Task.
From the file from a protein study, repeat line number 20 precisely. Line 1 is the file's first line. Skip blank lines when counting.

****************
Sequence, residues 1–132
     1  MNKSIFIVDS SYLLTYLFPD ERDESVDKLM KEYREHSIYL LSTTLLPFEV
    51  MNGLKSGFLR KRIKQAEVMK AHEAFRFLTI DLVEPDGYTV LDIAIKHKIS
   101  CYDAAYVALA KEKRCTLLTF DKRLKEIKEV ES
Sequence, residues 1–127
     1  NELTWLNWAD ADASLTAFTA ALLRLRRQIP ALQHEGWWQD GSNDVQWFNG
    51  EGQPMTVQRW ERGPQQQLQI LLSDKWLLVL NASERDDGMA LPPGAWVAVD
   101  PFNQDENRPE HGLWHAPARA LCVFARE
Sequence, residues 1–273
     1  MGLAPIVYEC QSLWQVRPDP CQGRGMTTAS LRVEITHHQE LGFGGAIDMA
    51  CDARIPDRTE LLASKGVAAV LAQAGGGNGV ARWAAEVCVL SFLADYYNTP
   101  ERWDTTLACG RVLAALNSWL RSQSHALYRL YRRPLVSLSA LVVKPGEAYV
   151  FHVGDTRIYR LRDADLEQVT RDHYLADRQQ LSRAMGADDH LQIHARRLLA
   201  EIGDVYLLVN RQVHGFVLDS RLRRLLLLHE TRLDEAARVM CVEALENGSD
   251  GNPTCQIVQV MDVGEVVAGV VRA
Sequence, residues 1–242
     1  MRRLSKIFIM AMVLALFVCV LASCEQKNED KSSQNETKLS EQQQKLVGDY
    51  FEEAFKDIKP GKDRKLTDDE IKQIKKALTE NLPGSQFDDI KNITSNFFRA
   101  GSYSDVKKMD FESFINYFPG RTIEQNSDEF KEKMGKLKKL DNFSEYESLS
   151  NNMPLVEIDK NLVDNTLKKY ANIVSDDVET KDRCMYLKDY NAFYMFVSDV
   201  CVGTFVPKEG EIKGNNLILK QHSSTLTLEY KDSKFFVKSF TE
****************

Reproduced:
   151  NNMPLVEIDK NLVDNTLKKY ANIVSDDVET KDRCMYLKDY NAFYMFVSDV